This week, Slate.com had an article discussing storied editor Ted Solotaroff and his history with the New American Review.
There is something both exhilarating and vexing about seeing writing in manuscript form (even if the manuscript is on the screen). Editing is really about deciding—you have to decide whether you like the overall voice and content of what you are reading, and if you do, you have to make certain decisions about the internal life of the piece. Editing can be at its most profound when it involves making a vague, almost aphoristic remark that might change a writer's entire focus, and it can be most profound when it entails wrestling with minutia, adding commas or subtracting them and, in this tiny way, changing the whole style and feel of a piece of writing. The malleability of a piece of writing as it is experienced by the reader in draft form makes reading more taxing than it would be on the printed page. But it also brings with it a bump of excitement. It lends a feeling of power and adventure to the reading experience. I assume that this feeling of power—and also, if you are discovering a writer, the vicarious sense of accomplishment and, finally, the bright moment of seeing beyond what is there on the page to what could be there—is what draws people to being fiction editors.
This description is so right, so clearly explaining why my colleagues and I stick with a job that offers long hours, slow advancement, and (let's face it) so-so pay for people living in one of the most expensive cities in the country. The joy of discovery that comes when you read a new project and think This has it, the almost surgical skills brought to bear on a tricky manuscript, and the frisson of pride every time a treasured book earns a good review all keep us going day after day, despite the ever-increasing proclamations of publishing doom.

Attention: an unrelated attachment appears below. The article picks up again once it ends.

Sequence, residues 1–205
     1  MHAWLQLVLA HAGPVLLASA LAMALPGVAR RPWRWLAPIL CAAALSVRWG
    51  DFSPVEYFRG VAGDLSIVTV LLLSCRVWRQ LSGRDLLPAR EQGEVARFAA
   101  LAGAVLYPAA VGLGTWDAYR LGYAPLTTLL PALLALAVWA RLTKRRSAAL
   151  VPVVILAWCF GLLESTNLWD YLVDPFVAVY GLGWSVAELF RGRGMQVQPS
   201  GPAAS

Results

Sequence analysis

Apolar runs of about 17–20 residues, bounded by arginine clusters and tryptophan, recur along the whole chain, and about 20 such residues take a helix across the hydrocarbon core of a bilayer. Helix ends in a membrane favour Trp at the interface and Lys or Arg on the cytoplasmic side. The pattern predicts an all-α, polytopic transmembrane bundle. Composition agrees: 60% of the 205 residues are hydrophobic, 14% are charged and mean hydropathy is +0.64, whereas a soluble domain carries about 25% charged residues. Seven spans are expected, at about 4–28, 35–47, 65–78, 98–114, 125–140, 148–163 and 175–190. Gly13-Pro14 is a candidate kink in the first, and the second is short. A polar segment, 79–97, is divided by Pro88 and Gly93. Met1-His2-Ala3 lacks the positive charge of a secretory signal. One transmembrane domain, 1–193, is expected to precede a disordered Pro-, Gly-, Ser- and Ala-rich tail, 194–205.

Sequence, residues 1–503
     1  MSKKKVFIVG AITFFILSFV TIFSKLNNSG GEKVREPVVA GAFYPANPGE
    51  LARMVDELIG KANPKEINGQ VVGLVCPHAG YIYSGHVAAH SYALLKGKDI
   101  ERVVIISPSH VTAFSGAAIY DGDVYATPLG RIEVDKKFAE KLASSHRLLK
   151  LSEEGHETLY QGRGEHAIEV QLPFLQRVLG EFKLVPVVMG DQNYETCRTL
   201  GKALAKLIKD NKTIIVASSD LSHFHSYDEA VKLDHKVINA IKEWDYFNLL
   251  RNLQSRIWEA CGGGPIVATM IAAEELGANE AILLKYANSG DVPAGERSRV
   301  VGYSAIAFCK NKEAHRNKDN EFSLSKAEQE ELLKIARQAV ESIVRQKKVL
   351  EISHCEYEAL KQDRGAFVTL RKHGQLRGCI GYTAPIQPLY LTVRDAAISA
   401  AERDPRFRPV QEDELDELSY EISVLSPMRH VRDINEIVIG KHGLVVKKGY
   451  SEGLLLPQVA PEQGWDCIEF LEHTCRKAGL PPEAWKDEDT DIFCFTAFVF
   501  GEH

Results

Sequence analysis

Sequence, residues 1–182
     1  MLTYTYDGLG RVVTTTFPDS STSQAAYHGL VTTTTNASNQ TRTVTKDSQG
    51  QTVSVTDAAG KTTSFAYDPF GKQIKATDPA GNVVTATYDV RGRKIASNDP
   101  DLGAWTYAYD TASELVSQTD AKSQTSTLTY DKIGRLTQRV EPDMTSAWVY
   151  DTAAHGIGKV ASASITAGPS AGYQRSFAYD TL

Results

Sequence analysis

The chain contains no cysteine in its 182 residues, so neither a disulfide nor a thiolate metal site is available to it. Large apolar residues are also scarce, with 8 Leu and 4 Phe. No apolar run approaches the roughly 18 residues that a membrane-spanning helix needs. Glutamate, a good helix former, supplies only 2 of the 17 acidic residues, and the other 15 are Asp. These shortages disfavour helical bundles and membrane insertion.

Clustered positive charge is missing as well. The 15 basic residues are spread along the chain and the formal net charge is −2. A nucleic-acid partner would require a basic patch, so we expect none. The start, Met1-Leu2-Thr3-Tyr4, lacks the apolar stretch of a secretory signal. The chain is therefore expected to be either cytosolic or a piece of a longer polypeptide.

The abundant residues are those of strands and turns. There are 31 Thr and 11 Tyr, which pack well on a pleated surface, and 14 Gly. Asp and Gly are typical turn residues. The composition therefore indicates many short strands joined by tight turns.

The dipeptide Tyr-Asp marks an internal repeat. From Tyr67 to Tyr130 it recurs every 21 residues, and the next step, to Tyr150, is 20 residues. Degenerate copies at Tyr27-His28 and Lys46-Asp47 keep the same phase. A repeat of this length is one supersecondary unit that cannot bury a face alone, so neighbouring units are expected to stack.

The article started a flurry of e-mails among my editor friends, talking about our editing styles and our most helpful advice. (An author's idea of "helpful" may differ slightly from ours, as it turns out.) Here's just a snippet of our chat:
Mike Shohl, editor at Citadel, an imprint of Kensington Books, says, "I confess that I like to torture my authors with particularly vague and aphoristic remarks, such as:
“Less mincing of words—more staccato!!!”
“If writing were a color palette, this draft is blue, and we need to make it green.”
Mike is a joker, as you can see by his final example:
“Is there another way to end a sentence other than a period? I feel you use that trick way too often.”
But despite his jokes, I think that sometimes we really do relate to text in that way...haven't we all heard the rhythms of a passage and recognized clip-cloppy spots? (OK, so it's possible that I haven't adjusted the color on any of my mss.) My authors are too nice to complain, but it's not unusual for them to get a margin note like: "This passage is squishy. Poke it with a stick!"
Shannon Jamieson Vazquez, editor at Berkley Books, shares our mutual tendency to nitpick in addition to mucking around with the big picture:
I think I have said “too many gerunds!” And I once took a NYT bestselling author to task for misusing the past perfect throughout her whole manuscript. Of course, first I had to go look up what I meant, and then try to explain it to her, but still.
My most frequent notes in the margins are probably “rep” or “awk,” as explanations for why I have written all over the page.
Margo Lipschultz, editor at HQN Books, also agreed with taking close-up and long range views of material:
"I love editing because it satisfies both the dreamer and the nitpicker in me. I especially related to what Beller said about seeing beyond the page to what could be there. That for me is the very best part of editing—along with seeing/hearing how excited the author is (usually) when you open his/her eyes to the possibilities."
Sometimes, it's good to remind ourselves of why we do this.